Practice of Urbanism AR1U110
Back to Plan: what renewal of Hoogvliet and Western garden cities share in common? by Aleksandrs Feltins 4188810 tutor Verena Balz, Maurits de Hoog
Back to Plan Western Garden Cities in Amsterdam and Hoogvliet are hardly comparable places. Their form, relation to the greater urban whole and current appearance shows differences rather than similarities in historical, planning and social aspects. More strikingly differences between two big Dutch cities can be seen comparing two examples. Western Garden Cities were initially conceived as a part of pre-war extension plan by Van Eestern in 1935. The plan was based to some extent on re jected plan from 1926: zoning followed general trends of the time, housing would gradually move to the new neighbourhoods in the periphery, traffic problems were supposed to be solved by new ring-roads. The thorough survey of topography, hydrology and demographics served as a profound base for the plan; nevertheless the eventual plan did not represent design free translation of survey data nor two dimensional zoning scheme. Quite the contrary, it was a complete urban composition, though it possessed a decidedly modern stamp, it was rooted in the evolution of the urbanism as a discipline [1, 301] The plan epitomized the idea of »functional city« with great emphasis on open air recreation for functional man.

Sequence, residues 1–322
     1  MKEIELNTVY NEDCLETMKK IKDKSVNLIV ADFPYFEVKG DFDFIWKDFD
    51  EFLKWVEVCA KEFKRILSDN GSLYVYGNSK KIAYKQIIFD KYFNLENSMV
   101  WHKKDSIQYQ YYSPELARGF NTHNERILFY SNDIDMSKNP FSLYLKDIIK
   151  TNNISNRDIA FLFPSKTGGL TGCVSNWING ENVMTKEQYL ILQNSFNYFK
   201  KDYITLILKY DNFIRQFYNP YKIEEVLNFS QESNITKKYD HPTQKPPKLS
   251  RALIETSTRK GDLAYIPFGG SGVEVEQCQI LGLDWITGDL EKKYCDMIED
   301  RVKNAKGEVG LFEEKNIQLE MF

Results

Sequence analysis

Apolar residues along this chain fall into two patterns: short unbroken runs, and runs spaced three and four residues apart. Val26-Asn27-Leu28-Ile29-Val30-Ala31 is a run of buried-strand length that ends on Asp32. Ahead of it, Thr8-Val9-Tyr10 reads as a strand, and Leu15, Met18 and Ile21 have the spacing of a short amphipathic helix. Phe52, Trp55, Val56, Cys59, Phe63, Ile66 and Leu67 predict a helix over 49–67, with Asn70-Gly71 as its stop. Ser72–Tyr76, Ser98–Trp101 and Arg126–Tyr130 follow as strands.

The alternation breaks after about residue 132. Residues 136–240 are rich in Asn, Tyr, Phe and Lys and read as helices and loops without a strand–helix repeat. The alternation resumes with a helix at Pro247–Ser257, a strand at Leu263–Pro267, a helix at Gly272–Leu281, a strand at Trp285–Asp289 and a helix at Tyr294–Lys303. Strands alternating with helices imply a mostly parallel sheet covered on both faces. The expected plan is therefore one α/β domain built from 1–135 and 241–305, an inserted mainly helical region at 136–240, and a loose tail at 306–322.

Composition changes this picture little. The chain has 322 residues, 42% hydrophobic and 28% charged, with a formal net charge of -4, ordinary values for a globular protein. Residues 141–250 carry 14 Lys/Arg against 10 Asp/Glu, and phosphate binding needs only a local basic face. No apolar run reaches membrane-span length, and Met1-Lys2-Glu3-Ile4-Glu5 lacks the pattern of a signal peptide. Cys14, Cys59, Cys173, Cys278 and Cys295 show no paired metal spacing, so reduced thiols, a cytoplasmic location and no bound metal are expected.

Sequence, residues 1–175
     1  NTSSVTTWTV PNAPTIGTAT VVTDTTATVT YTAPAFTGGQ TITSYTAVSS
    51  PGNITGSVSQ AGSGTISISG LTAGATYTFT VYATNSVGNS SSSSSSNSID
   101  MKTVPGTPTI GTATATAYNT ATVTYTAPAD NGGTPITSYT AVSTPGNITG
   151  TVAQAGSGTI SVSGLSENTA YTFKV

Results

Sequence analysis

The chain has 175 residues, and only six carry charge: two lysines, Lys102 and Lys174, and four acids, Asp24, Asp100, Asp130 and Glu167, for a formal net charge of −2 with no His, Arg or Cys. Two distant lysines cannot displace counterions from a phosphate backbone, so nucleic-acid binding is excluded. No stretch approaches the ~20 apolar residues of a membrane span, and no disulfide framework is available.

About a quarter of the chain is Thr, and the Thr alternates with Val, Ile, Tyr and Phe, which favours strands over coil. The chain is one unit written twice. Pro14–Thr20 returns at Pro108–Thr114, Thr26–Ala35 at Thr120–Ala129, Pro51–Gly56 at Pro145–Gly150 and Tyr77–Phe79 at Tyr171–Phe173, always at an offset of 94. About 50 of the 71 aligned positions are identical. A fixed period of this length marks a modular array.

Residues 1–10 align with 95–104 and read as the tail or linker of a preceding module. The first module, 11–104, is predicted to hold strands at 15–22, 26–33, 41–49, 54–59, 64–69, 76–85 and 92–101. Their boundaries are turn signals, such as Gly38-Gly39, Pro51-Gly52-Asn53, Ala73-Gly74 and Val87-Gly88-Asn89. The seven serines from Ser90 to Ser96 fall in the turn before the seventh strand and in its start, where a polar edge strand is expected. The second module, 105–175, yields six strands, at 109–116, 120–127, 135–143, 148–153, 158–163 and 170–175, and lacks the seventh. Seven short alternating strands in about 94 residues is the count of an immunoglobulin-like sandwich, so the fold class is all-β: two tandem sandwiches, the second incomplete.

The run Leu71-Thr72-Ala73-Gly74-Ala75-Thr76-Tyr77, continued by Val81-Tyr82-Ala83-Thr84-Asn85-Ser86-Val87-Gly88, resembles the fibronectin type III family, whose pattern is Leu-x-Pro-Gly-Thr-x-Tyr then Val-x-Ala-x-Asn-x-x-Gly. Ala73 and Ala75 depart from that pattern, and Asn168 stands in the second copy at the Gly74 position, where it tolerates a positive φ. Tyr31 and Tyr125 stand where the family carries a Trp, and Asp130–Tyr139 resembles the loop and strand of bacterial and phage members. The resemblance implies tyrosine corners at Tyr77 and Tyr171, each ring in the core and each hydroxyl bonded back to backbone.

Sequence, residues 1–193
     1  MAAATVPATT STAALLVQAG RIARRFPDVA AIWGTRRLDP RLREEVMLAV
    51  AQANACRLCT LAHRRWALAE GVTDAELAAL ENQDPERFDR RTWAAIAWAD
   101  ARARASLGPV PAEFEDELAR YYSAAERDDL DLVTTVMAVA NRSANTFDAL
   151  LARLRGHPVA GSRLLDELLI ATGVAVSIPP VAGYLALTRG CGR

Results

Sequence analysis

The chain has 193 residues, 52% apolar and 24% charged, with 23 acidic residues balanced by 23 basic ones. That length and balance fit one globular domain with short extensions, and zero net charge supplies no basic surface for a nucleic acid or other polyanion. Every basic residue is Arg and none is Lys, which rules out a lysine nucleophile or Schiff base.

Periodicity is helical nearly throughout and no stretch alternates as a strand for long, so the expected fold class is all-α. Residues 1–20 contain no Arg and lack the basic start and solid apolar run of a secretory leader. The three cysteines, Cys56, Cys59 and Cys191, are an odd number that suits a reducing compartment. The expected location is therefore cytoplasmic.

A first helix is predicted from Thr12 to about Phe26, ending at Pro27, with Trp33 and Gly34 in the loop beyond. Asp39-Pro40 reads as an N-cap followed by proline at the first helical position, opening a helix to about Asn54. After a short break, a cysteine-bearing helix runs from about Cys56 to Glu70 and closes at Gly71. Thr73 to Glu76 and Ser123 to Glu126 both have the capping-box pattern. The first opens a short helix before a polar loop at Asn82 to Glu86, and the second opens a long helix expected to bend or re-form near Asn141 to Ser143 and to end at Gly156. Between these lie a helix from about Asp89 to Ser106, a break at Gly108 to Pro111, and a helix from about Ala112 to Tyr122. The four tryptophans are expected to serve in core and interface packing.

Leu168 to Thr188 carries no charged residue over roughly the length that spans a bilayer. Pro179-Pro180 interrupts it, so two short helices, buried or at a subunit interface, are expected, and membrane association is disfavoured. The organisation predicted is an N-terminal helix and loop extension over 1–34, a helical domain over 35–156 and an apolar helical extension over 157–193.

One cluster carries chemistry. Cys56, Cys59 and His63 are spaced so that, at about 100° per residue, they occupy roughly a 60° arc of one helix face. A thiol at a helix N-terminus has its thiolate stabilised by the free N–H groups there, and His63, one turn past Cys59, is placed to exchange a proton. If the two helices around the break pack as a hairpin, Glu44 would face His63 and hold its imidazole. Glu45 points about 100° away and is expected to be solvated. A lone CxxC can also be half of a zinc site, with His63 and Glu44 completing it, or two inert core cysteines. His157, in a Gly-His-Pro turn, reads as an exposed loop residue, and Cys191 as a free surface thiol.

Green structure of Western garden cities today